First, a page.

William Falcon, CEO, and Founder of Grid, tells us about building the next generation of AI tools and frameworks.
Tell us about you, your career, and how you founded Grid.
William Falcon: I built PyTorch Lightning while completing a Ph.D. in deep learning at NYU. The goal was simple: I wanted to try many ideas as quickly as possible without being limited in flexibility (which is extremely important to me as a researcher) without dealing with boilerplate or the challenges around scaling models. At the time, I was at Facebook AI Research, where adoption started, and it then spread to the rest of Facebook and other companies. Today, PyTorch Lightning is a global, community-driven open-source framework used across the top AI labs and companies in the world.
In building this framework, one of the key pain points that kept surfacing by industry and academic labs was scaling up model development on the cloud across hundreds of machines with multiple teams working together. This is what Grid was built to provide: the ability to scale up serious workloads on the cloud in a highly dynamic, collaborative environment while satisfying all the enterprise requirements like security and soc-2. We built this in such a way that the MLOPs would become invisible, allowing people to focus on solving their business and research problems instead of learning MLOps or Kubernetes and dealing with engineering challenges.
How does Grid innovate?
William Falcon: We make the tooling disappear. It’s what the iPhone did for phones: you don’t think about how the network, wifi, or radio signals work. You just turn it on and use it. Today, AI is stuck in the Stone Age. Every person involved in deploying these tools has to be an expert in math and the cloud and engineering, and a half dozen other fields when all they want to do is use AI to solve a meaningful problem as quickly and efficiently as possible.
How did the coronavirus pandemic affect your business?
William Falcon: Our DNA is open source. This means that the notions of distributed community and remote-first are embedded in the fabric of who we are as a company. The coronavirus pandemic just forced us to get better at teaching engineers who aren’t familiar with a distributed, community-first mentality how to work and think this way. Now, we have employees in over 15 countries across all parts of the company.
What are the current trends in the Machine Learning space, and how is the industry changing?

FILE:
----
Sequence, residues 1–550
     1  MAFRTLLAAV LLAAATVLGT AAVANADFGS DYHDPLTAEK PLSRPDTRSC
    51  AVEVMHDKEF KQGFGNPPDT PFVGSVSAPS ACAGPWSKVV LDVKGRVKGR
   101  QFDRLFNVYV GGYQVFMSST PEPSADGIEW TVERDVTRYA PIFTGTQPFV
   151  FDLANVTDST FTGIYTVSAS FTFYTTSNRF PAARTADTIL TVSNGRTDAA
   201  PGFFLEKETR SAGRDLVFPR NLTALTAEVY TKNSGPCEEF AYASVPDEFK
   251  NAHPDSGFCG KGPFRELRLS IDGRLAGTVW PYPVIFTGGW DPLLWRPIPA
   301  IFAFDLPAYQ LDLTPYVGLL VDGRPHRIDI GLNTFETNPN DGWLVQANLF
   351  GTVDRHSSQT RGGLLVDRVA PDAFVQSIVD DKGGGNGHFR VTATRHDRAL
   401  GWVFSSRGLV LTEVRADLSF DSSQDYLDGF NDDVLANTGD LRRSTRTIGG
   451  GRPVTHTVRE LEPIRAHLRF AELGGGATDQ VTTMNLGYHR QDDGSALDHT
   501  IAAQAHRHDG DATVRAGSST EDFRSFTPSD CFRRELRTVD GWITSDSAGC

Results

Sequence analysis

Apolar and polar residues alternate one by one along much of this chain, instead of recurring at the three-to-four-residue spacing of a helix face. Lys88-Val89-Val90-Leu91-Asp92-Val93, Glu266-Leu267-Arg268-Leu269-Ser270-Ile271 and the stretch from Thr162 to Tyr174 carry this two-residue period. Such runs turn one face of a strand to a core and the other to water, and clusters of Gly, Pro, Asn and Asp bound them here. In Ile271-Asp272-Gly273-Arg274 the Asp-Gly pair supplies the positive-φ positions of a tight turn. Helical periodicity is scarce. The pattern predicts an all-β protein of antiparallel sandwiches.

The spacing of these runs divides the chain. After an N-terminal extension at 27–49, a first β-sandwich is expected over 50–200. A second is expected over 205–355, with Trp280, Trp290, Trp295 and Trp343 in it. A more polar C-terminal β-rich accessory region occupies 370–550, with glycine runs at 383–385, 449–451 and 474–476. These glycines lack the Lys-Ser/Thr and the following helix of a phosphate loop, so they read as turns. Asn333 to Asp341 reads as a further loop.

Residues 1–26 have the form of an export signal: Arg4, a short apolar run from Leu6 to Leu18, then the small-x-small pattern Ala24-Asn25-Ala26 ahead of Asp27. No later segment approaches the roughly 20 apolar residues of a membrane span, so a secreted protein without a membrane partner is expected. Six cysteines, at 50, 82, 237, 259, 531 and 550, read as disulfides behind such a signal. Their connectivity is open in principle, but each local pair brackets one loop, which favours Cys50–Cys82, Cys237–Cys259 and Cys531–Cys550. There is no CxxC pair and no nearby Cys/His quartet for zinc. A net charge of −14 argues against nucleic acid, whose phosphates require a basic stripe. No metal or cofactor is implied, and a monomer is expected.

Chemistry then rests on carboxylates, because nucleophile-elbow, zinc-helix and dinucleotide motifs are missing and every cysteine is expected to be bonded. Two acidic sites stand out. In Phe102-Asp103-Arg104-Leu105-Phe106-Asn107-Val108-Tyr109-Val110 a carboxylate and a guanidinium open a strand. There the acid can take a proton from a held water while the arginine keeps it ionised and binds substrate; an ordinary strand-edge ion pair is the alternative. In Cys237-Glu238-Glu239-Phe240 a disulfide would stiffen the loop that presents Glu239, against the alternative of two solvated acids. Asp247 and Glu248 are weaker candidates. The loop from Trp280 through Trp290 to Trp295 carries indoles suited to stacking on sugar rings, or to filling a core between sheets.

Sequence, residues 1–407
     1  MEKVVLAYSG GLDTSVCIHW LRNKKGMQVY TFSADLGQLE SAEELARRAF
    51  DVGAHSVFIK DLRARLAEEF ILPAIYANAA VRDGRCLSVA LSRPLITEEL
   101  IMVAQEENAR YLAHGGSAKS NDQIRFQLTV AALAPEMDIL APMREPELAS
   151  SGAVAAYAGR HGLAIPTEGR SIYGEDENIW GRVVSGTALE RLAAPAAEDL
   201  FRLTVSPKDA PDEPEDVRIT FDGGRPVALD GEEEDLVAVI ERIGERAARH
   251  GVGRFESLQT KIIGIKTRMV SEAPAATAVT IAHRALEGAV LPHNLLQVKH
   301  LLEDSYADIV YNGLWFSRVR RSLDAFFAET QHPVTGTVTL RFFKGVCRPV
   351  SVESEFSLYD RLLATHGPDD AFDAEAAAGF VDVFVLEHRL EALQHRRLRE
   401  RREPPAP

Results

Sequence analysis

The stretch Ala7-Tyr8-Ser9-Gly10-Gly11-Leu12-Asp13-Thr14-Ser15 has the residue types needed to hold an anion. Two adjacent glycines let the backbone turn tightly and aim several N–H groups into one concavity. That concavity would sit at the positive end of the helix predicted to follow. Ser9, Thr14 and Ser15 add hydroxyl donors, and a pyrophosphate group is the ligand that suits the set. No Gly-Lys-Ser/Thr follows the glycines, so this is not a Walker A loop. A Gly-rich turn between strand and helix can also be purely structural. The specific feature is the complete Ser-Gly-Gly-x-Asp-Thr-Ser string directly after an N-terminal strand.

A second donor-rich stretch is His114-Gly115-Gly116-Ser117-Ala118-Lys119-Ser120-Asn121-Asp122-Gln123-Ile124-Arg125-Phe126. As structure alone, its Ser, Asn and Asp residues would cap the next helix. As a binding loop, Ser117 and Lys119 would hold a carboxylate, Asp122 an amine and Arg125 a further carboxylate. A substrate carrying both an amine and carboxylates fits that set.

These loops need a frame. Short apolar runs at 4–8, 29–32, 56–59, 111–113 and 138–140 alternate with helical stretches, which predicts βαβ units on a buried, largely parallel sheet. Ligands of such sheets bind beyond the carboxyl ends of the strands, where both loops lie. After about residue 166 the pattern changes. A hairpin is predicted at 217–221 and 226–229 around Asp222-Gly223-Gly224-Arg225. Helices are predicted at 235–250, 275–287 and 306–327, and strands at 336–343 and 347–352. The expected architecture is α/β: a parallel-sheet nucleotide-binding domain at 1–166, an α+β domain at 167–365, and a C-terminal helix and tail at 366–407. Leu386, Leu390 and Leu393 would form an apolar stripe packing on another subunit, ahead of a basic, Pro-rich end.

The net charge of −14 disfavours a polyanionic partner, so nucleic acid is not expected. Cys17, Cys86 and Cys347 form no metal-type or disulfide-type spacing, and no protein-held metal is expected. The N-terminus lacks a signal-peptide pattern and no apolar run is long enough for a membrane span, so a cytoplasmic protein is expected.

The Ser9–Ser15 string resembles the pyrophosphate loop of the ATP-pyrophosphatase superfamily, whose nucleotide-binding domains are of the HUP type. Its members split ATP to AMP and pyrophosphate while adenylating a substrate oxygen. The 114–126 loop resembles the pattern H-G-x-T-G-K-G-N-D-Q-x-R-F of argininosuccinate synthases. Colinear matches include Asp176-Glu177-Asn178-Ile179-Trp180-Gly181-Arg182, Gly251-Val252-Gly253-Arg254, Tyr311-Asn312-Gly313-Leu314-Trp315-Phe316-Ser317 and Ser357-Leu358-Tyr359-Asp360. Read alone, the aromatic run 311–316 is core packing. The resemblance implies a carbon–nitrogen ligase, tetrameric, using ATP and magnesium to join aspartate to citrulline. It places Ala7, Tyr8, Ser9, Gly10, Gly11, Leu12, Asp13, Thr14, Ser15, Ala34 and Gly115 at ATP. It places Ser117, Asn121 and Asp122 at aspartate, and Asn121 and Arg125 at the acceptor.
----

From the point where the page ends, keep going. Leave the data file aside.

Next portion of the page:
William Falcon: As the demand for AI/ML in business settings continues to increase dramatically, and as the number of data scientists, researchers, and engineers entering the industry only continue to grow, there’s no shortage of innovation happening to make machine learning easier, faster and more scalable. We’ve seen an uptick in many no- and low-code offerings, of which the Lightning framework is a great example. We also see the need for Machine Learning Operations (MLOps) to create an environment where data scientists and operations are able to collaborate as effectively as possible.
One of the changes in the industry to which we are the most committed in ensuring that access to these technologies is available for as wide a range of users as possible. For us, this means nurturing and maintaining a robust community of experts who continuously build and develop our open-source framework because it enables them to overcome challenges that would otherwise prove to be insurmountable. Leveraging the strength of our open-source community is at the top of our minds as we think about building AI products for the future.
Who is the target audience of Grid? Do you have any interesting partnerships?
William Falcon: Researchers, prototypers (i.e., data scientists, researchers at medium/large companies), and ML engineers.
Lightning has partnered with Nvidia’s NeMo and Grapcore’s Lightning/Graphcores IPU integration. We’ve also recently acquired Tensorwerk, and by working together, we plan to empower data scientists and researchers to train even more advanced models faster and cheaper than ever before.
Tell us more about your platform/technology.
William Falcon: We began by building PyTorch Lightning, an open-source research framework for PyTorch that enables users to scale their models without managing changes to their code. As our community grew and we began to learn more about their needs, we built Grid, our in-house platform for training models on the cloud from your laptop. Across our offerings, we are focused on enabling machine learning experts to easily train models at scale, facilitate collaboration, and reduce the operational burden of deploying AI tools.
How do you see the future of Grid? What are the next steps for the company?
William Falcon: We’re currently hard at work building the next generation of AI tools and frameworks. Our core vision remains consistent with the goals we had in mind when building PyTorch Lightning: democratizing access to AI tools and products, reducing the overhead of deploying ML technologies, and revolutionizing how the world experiences software.